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Korean food vs Japanese food: what's the difference?

At Kelly Loves, we have both heritage and experience in Japanese and Korean food and we enjoy bringing the best authentic food from each of these countries straight into your kitchen. Cuisines in different countries are no doubt influenced by each other historically, but as Japan and Korea have their own unique cuisine and culture, it’s not difficult to appreciate the differences. 
Written by: Kelly Choi
Korean BBQ

What is Korean food? 

Korean food is the result of cooking using Korean culinary arts, influenced by Korean culture, traditions and ingredients. The most famous Korean cuisine includes global sensations such as: Korean BBQ restaurants (meat is grilled at the dining table), kimchi (fermented cabbage with seasoning) and kimchi ramen (a popular Korean ramen noodle soup). There are also many firm favourites among Korean food lovers such as: colourful bibimbap (a rice bowl) and juicy bulgogi (marinated and Korean BBQ grilled beef, often wrapped in lettuce leaves).

The varying climate in Korea means that Korean dishes evolved to accommodate it. The climate is very cold in winter and very hot in summer. The fermentation process was developed by Koreans to keep supplies of food through the freezing winters and hot summers. The unique fermentation process which makes various jang (fermented soy products) is typical of authentic Korean food.

Korean ingredients are also diverse due to a varied landscape. The landscape includes fields and mountains, surrounded by sea. But Korean food also comprises various common elements: bap (cooked rice), kuk (soup), banchan (Korean side dishes) and jang (sauce). Basic Korean seasoning includes: vinegar, jeotgal (fermented fish), kanjang (fermented soy sauce) and gochujang (chilli paste).

What is Japanese food?

Japanese cuisine covers all traditional foods of Japan with a focus on seasonal ingredients. There is so much food in Japan to try besides sushi! 

Traditional Japanese food is known as ‘washoku’ and it’s extremely highly regarded across the world for its heritage, tradition and innovation. Tokyo has the highest number of Michelin-starred restaurants in any city in the world.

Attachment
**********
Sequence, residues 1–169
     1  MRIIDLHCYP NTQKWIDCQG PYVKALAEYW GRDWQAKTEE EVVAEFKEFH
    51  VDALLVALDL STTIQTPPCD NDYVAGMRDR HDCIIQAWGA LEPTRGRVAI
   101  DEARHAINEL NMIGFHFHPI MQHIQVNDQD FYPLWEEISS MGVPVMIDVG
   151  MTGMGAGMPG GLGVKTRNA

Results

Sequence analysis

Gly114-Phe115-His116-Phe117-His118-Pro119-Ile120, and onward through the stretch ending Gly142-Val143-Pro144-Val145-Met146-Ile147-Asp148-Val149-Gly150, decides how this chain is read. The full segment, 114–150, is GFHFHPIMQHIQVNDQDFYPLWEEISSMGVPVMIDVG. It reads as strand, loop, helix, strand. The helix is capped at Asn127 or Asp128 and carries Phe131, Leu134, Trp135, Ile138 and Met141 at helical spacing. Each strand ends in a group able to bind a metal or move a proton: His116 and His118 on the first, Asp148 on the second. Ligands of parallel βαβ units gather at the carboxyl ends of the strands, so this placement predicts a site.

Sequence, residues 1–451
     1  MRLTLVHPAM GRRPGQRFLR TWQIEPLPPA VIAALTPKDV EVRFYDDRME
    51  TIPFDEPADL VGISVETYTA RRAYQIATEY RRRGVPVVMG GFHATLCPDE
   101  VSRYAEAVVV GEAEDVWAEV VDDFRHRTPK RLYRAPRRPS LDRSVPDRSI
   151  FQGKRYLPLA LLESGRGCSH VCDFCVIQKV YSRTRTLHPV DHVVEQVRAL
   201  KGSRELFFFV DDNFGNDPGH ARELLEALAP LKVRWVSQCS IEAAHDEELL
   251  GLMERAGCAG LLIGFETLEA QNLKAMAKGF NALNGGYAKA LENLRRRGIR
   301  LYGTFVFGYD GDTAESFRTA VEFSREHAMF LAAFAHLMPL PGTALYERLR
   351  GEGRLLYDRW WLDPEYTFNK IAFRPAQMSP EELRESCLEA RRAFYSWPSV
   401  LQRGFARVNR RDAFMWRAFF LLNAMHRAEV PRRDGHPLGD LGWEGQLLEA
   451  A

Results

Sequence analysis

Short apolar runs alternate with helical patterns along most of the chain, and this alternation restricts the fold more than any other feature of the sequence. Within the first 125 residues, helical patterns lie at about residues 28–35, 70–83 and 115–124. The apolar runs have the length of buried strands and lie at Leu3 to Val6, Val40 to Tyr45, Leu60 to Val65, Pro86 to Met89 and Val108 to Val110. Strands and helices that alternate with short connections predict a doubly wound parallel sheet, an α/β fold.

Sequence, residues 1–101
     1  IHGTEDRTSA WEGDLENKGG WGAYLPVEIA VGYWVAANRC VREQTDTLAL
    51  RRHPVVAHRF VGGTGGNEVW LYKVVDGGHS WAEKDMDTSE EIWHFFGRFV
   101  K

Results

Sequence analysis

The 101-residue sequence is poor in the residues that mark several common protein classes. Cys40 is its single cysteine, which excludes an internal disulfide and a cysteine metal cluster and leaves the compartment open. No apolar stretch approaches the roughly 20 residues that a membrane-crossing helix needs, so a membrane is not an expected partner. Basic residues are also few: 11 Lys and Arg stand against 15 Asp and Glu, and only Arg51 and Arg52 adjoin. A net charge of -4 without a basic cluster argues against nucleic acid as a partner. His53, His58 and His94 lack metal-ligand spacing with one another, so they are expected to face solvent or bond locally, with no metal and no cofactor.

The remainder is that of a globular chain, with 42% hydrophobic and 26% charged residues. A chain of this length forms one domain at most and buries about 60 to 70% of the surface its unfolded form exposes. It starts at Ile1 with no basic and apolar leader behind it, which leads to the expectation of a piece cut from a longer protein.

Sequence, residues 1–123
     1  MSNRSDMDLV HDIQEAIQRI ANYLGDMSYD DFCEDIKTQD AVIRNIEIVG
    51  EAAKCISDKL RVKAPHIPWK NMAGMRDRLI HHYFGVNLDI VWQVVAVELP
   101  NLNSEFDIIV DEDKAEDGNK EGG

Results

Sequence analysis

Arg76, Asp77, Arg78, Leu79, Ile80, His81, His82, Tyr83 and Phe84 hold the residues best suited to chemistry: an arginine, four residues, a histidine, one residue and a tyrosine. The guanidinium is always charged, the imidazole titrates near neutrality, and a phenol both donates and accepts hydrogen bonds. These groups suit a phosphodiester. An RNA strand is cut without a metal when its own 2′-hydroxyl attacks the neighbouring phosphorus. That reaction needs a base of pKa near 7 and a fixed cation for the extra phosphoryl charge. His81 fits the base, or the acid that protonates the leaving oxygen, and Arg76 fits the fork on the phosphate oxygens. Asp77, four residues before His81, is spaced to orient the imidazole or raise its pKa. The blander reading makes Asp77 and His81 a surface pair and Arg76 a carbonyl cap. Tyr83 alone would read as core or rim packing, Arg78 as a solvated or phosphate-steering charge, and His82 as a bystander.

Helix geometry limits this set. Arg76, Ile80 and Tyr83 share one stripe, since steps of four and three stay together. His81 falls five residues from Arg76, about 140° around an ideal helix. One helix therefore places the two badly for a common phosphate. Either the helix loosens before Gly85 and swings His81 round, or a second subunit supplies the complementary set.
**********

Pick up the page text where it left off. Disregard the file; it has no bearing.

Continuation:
Although the principal ingredients in Japanese cuisine are centred around rice, vegetables, grains, fish, shellfish and seaweed, there are thousands of incredible dishes displaying incredible variety. There are as many as 4,200 species of fish used to create Japanese meals. Seafood can be battered as tempura, grilled or served raw in sushi and sashimi. 

Staple foods in Japanese cuisine are rice, noodles (such as udon and soba) and miso soup. But there’s a multitude of Japanese dishes, sweets, drinks and desserts that are a multi-sensory experience, an explosion of different textures, flavours and aromas. 

What is the difference between Korean and Japanese food?

Preparation and cooking method

Japanese food is usually prepared and cooked unseasoned or left raw. The cooking methods use little oil. Instead, cooking the food involves lots of water for steaming, stewing or boiling.  A sharp knife called ‘santoku’ is used as a general kitchen knife. Santoku means ‘three virtues’ or ‘three uses’: chopping, slicing and cutting. And as fish is an important ingredient in Japanese cuisine, chefs use special knives to prepare different types of fish.

Dashi (a family of stocks) is often central to Japanese cooking, used as a base for many types of dishes (for example, ginger miso soup). It is prepared from kelp (konbu) or small pieces of sliced katsuobushi, also known as dried bonito or bonito flakes (simmered, smoked and fermented skipjack tuna).